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AM not aware that the attempt made in this small volume has been anticipated in any other. Even the notes of critics upon Shakspeare, superfluously full in pointing out his obligations, real or supposed, to secular authors, are singularly meagre in the references which they make to the Holy Scriptures. And yet how large is the room for such reference, and how much it may conduce to the mutual illustration of the two books, which as Christians and as Britons we should value most, will be seen, I trust, upon every page of the Second Part of the following dissertation.

With regard to the First and very much shorter Part, I must confess that it scarcely comes within the title and proper scope of my design; and that it will be found to contain little which can be new or interesting to older and more advanced readers;

who may, therefore, if they think fit, pass it over : but to the young, for whom the volume is principally intended, I trust it may prove useful; and I was unwilling to miss the opportunity of giving them information which may help to improve their knowledge of their own language and at the same time enable them to understand better, and so to read with greater profit and pleasure, both their Bible and their Shakspeare-but especially the former.

In selecting the quotations which will be found in the following pages, and in arranging them systematically, no use has been made of any previous compilation: I have trusted solely to my own complete perusal and study of our great poet, with the particular object which I have mentioned constantly in view, and with the additional motive of doing him a justice, which he has not yet fully received, ever present to my mind. On some accounts, indeed, I could have wished that my labours had been less independent; but such as they are, they are presented to the reader, in the hope that they may give him some portion of the pleasure which I have derived from them myself. In the meantime, I am fully conscious that the available material for both Parts of the work is far from being exhausted. As regards the latter Part, some handfuls at least, I

doubt not, still remain to be gleaned in the same extensive field; while the former Part contains little more than a specimen of the ore which the same mine, if thoroughly worked, might be made to produce.

'The Bible and Shakspeare,' said one of the best and most esteemed prelates that ever sat upon the English bench-Dr. John Sharp, in the reign of Queen Anne-'The Bible and Shakspeare have made me Archbishop of York.'* The Shakspeare of Greek Comedy-Aristophanes-is well known to have been a favourite author of the most celebrated preacher of the ancient church, S. John Chrysostom, some time patriarch of Constantinople. Under the shelter of high and venerated authorities such as these the present writer ventures to hope he may escape censure for allowing his name to appear upon the title-page of this volume. He had intended to put it forth anonymously, but his intention has been overruled by the publishers.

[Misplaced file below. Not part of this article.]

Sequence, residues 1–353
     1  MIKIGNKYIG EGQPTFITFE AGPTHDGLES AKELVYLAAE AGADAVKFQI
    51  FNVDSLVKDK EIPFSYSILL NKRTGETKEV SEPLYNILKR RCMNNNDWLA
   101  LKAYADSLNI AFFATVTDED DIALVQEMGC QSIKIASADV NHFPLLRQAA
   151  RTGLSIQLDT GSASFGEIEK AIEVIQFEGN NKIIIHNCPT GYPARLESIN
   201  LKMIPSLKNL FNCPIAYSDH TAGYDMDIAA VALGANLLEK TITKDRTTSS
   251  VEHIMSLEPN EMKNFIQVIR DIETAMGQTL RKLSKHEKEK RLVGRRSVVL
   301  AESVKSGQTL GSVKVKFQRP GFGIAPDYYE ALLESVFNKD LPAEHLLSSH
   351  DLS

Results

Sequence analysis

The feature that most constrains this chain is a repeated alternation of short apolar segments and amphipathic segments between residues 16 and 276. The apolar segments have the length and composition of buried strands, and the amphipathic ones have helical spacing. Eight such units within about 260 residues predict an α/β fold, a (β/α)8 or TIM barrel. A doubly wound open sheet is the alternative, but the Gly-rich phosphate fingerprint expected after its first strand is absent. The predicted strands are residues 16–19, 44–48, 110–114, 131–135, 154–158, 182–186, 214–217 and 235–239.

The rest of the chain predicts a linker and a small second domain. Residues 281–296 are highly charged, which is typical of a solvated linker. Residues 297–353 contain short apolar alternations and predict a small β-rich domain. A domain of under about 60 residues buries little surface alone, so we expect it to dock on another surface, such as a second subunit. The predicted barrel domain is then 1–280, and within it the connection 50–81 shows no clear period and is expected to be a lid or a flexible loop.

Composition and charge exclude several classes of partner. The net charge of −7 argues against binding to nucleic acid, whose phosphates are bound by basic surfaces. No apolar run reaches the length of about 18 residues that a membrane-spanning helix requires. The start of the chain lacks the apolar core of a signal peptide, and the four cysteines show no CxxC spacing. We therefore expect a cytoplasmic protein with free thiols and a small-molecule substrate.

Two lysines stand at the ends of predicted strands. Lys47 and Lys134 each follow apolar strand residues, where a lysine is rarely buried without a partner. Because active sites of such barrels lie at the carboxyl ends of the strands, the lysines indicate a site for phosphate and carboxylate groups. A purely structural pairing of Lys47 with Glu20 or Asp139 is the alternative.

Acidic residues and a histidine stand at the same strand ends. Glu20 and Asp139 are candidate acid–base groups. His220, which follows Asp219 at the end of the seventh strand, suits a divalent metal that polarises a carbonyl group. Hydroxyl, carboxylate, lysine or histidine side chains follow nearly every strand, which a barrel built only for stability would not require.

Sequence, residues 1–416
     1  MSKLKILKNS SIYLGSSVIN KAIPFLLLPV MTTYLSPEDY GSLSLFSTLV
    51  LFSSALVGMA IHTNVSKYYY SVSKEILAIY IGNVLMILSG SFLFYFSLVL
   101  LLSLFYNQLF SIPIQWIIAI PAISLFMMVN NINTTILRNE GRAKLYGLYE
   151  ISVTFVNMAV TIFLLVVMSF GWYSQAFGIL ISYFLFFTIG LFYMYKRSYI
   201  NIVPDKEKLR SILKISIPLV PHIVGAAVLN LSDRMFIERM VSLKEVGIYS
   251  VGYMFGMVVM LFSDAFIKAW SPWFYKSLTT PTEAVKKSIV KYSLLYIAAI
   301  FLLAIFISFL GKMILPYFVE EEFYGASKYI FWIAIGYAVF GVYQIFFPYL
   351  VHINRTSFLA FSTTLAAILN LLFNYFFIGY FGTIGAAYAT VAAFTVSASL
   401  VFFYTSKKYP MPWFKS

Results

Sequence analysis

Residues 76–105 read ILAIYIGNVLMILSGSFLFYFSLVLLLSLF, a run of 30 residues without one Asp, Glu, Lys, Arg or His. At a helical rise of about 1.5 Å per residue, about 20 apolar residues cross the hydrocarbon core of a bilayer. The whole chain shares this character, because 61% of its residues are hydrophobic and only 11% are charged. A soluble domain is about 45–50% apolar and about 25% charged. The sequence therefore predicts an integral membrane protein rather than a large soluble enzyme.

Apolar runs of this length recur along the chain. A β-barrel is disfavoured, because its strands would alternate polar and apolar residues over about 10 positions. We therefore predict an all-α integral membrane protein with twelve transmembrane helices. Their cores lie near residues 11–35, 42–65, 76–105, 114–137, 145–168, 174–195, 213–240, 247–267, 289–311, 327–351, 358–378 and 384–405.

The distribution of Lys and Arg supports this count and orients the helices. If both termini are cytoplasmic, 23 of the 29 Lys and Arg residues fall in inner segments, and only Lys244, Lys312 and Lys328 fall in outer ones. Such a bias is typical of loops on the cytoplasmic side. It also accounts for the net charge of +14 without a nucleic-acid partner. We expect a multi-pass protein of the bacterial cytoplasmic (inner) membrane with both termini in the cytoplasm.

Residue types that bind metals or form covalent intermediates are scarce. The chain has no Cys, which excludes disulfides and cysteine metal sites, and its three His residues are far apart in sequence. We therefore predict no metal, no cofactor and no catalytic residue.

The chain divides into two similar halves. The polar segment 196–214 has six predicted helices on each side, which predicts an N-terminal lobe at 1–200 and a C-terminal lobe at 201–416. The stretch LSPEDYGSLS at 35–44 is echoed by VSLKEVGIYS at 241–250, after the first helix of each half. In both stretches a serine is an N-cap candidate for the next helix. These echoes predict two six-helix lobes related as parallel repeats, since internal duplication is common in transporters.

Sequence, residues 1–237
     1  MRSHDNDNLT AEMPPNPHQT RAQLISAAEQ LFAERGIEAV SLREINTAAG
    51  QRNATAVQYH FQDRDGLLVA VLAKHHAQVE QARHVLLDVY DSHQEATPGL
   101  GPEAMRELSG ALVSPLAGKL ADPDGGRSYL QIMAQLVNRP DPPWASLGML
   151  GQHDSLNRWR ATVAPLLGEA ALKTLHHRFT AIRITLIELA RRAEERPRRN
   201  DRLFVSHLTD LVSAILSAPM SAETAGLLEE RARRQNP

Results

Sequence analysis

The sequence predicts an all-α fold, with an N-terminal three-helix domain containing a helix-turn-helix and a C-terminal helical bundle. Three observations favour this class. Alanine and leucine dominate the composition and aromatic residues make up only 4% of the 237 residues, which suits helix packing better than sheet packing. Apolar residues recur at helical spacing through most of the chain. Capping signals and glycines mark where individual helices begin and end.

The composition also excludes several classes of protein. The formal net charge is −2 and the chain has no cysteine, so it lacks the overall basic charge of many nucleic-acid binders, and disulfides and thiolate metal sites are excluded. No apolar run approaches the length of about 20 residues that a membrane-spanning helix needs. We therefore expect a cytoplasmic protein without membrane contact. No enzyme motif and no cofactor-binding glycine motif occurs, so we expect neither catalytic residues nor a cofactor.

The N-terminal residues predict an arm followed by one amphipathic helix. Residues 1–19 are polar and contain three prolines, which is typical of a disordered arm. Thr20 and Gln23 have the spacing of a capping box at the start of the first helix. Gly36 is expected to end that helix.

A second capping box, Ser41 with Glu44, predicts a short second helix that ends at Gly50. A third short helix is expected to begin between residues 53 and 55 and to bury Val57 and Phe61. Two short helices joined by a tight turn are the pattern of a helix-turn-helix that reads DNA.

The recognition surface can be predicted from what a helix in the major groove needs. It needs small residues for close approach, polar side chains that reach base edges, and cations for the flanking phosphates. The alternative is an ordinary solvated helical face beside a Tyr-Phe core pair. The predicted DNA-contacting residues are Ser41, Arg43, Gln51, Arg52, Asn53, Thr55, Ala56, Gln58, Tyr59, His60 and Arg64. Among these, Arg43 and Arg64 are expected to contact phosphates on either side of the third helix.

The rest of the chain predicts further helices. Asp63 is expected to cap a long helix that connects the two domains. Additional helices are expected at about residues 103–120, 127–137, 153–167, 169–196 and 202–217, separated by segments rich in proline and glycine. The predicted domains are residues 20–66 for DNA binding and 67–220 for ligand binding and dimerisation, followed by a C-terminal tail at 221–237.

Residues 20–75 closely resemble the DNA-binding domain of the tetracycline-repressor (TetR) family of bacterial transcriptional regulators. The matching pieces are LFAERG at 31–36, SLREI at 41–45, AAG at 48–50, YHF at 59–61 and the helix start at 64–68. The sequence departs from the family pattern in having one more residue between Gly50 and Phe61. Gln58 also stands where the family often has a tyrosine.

* See below. Additional Illustrations, p. 357.

March, 1864.

HE author has availed himself of the present oppor

tunity to put together in an Appendix some

Additional Illustrations which have occurred to him since the publication of the first edition of this book in 1864, and also to reprint the Sermon which he had the honour of being invited to preach on occasion of the Tercentenary Festival held at Stratford-on-Avon in that year.

Among the remarks offered, generally in the kindest spirit, upon this volume, more than one of my critics would seem to have forgotten, or misconceived, the purpose of its First Part. I would, therefore, repeat that the proof of Shakspeare's knowledge and use of the Bible is not supposed to lie in his employing words and phrases commonly current at the time in which he lived, and still less (for chronological reasons) in his use of words and phrases peculiar to the revised Translation of the Scriptures, published in 1611. And the design of that First Part is simply to contribute to the verbal illustration of the Bible from the language of Shakspeare, and to the verbal illustration of Shakspeare from our translation of the Bible.

The main object of the publication, however, is to vindicate the name of Shakspeare from the slur cast upon him most undeservedly, as though he had been one who treated the Word of God without due respect and even with 'profaneness.' And the Author hopes that some at least of the innumerable readers of our Immortal Bard' in the rising generation will now be enabled to judge for themselves not only of the injustice he has suffered from such a reproach, but of the credit he deserves for the homage paid by him to Holy Scripture in a most remarkable degree through the manner in which he has recommended and enforced the solemn truths and lessons which it contains. March, 1880.




UCH has been said and written on the learning of Shakspeare. How far the


greatest genius of modern times was indebted to the storehouse of antiquity; whether or no he was altogether

Untutored in the lore of Greece or Rome,

is a question which a hundred years ago was agitated among men of letters with intense interest. But neither in the course of that controversy, nor at any other time, has the inquiry, I believe, been raised to which I purpose in these pages to offer a reply, viz., how far Shakspeare was conversant with Holy Scripture, and whether or no he made use of his knowledge of the Bible to guide and assist him in the production of his immortal works. When I


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